Despite the ongoing crisis, I was encouraged to see Malaysia well on its way to recovery from the pandemic, thanks to high immunisation rate among the country's adult population and the reopening of economic sectors. The restoration of economic activity and the relaxation of restrictions were warmly welcomed by the majority of Malaysians. Many companies, particularly micro, small, and medium enterprises, as well as the self-employed, have been battling to survive under the pandemic's prolonged impact and enforced lockdown measures.

Malaysia will likely experience a strong rebound in the fourth quarter, given infection rates have decreased dramatically in recent weeks due to the ramped-up vaccination programme. As we recover from the pandemic, we must focus on improving economic participation in all aspects of society, particularly for populations that face hurdles to resources, services, and capital. Malaysia will only truly become a resilient society with inclusive economic growth if all parties work collectively together as one nation.

What are three key industry themes you will be focused on in 2022?

While the Exchange’s FBMKLCI contracted by 5.8% in 1H2021, the broader market continues to be resilient. Several laggard sectors in 2020 are starting to display signs of recovery, as indicated in the table below:

Bursa Malaysia Sectoral Indices

% Growth


YTD Aug 2021








































In 2022, the market will be driven by sectors related to the recovery theme. Technology, Transportation & Logistics, and Industrial Products & Services are just a few examples. As more money flows into strong ESG companies, which correlate with well-managed and high-performing companies, ESG-related counters could also be a potential theme.

Bursa Malaysia’s market forward PE of 15.7x is currently one of the lowest in the region compared to our neighbouring peers, which range between 18.0x to 19.7x. With opportunities opening up, this would make the Malaysian capital market an even more appealing recovery play in the coming months.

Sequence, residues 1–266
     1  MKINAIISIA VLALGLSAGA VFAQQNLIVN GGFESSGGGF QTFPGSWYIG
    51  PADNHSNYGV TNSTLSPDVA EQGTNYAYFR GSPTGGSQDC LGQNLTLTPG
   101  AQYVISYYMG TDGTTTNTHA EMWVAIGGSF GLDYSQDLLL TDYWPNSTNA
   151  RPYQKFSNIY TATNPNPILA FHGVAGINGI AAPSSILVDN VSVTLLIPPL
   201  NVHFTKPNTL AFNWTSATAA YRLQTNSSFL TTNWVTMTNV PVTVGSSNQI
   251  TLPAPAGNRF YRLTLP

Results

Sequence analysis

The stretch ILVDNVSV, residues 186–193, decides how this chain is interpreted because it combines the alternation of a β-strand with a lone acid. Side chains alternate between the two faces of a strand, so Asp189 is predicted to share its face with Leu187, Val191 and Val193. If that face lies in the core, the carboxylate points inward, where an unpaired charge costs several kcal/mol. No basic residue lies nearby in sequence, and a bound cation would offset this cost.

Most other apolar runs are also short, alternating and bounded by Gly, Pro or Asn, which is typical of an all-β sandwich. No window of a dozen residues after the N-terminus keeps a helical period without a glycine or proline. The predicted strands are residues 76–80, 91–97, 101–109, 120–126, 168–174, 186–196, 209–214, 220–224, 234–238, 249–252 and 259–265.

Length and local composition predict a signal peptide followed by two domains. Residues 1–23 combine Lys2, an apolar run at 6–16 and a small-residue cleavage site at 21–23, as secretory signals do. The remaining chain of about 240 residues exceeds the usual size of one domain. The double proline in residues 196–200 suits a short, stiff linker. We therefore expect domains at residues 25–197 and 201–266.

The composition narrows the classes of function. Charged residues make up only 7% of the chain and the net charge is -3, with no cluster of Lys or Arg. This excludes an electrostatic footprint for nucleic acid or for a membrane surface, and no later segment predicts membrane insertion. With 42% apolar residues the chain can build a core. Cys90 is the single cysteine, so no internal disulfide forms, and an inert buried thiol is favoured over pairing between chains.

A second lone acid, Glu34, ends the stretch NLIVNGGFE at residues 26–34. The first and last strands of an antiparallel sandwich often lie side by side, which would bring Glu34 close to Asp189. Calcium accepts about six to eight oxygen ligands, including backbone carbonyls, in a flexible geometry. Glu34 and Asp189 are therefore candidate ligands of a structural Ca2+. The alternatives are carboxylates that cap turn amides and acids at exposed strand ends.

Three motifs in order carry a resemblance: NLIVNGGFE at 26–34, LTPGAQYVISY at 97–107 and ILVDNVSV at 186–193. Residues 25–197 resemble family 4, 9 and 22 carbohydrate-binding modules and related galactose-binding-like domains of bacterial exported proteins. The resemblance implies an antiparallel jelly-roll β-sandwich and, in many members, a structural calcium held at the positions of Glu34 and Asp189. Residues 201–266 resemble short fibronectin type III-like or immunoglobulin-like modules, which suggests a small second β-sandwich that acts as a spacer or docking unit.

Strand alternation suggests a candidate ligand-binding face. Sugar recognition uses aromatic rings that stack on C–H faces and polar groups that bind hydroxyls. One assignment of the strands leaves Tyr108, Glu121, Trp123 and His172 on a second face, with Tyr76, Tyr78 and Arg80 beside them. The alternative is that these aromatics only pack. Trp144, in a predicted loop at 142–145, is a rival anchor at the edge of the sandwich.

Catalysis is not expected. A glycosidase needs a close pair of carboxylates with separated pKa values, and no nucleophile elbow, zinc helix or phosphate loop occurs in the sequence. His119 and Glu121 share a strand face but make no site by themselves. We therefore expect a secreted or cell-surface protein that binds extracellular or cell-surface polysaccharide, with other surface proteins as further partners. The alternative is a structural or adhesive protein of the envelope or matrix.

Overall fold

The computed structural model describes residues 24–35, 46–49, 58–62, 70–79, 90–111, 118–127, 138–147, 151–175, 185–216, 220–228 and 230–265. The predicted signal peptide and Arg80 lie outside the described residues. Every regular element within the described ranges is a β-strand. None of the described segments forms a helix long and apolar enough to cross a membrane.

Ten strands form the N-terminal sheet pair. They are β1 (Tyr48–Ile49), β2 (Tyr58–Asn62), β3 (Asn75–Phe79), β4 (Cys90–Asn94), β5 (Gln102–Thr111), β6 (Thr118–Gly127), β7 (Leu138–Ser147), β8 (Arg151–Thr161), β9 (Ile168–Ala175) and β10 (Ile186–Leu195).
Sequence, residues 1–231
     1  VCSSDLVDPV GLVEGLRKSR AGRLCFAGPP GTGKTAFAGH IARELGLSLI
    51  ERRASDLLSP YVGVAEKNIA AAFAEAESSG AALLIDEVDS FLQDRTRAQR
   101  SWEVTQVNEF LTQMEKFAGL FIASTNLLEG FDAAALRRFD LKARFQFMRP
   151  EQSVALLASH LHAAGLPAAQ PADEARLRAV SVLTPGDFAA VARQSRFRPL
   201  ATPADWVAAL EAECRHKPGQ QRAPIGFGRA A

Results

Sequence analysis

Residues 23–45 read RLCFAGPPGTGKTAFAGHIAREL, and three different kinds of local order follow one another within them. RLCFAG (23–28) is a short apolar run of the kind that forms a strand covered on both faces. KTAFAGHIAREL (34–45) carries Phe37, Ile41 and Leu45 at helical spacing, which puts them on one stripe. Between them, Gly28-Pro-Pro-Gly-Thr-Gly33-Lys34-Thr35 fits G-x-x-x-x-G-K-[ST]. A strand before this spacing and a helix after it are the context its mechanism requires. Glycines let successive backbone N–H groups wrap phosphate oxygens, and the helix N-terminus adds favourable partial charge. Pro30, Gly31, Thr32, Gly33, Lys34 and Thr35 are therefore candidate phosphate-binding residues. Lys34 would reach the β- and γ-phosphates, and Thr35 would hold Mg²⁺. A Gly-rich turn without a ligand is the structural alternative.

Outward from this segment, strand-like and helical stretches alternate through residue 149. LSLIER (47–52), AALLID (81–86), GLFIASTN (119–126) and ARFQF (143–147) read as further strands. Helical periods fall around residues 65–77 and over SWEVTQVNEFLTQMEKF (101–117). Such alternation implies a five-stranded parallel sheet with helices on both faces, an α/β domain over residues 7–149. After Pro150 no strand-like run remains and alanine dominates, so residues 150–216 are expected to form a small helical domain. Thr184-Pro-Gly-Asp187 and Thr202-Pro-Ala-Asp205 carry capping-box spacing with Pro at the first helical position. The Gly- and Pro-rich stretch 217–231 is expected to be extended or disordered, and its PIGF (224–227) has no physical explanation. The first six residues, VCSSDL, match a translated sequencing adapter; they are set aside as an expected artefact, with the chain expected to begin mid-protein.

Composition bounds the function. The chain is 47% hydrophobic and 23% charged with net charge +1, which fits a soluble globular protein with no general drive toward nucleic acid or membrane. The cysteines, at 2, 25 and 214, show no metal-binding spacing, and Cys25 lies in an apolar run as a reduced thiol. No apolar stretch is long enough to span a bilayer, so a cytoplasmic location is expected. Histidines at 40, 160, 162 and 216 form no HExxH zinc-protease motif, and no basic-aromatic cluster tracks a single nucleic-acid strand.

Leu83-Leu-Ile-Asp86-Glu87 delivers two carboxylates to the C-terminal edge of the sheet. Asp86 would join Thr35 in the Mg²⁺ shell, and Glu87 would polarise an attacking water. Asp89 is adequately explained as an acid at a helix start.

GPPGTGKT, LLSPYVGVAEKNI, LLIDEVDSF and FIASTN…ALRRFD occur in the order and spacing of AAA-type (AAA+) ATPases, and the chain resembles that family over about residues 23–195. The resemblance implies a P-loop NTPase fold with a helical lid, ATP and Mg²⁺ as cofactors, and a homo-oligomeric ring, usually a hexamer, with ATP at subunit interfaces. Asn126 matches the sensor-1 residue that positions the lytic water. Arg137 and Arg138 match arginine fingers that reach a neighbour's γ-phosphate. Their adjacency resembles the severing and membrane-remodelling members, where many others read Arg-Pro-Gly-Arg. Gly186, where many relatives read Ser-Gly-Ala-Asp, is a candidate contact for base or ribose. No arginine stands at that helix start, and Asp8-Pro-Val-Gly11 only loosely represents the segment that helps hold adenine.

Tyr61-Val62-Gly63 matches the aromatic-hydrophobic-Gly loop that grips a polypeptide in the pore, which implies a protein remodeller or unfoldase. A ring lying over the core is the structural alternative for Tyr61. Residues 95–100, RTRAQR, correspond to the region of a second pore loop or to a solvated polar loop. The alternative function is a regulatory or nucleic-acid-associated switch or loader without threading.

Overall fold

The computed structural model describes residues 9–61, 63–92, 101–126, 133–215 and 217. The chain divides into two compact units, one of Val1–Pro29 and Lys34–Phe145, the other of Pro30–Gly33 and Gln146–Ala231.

Moreover, Malaysia is blessed with commodities such as crude palm oil and petroleum, which are likely to benefit from the commodity price rallythat has coincided with recent foreign inflows. 

Tell us one thing that will change in 2022 and one thing that won’t?

Among the global investing community, there are increasing expectations and a push for corporates to embed sustainability into their business strategies and operations. We have seen significant momentum building up throughout 2021, with exchanges globally broadening their offering of sustainability-related products and services, including launching new sustainable/green bonds, ESG and climate indices, ESG data products, and the establishment of carbon trading platforms. These initiatives are likely to ramp up in 2022 and beyond, as aspects relating to our planet and people (e.g. climate change, fair labour practices, gender diversity, etc.) become more pivotal in corporate and investment decision making.

I anticipate there will be greater regulatory clarity, which should pave the way for growth in sustainable finance practices. For example, the recently published ASEAN Taxonomy for Sustainable Finance[1] introduces a common language across ASEAN for financing sustainable economic activities. Further, the agreement reached at the conclusion of the COP26 summit to create standards to govern international carbon markets should bolster international carbon trading going forward.

Unfortunately, what won’t change will be continued market uncertainty and volatility due to the Covid-19 global pandemic. The indeterminate pathway of this pandemic is anticipated to linger in 2022 as there is still uneven access to vaccines globally; less than 6% of people in low-income countries have received at least one dose of any vaccine. There are already reports of the latest Omicron variant being more transmissible and deadlier than the earlier Covid-19 variants, prompting countries to rethink plans to reopen borders and triggering market jitters.

The emergence of these more transmissible and deadlier Covid-19 variants could lead to recurrent waves of infections, once again impacting lives and livelihoods. This, in turn, would again precipitate pullbacks of economic activity and induce pockets of volatility in the global financial markets ― such as we have all observed over the past two years.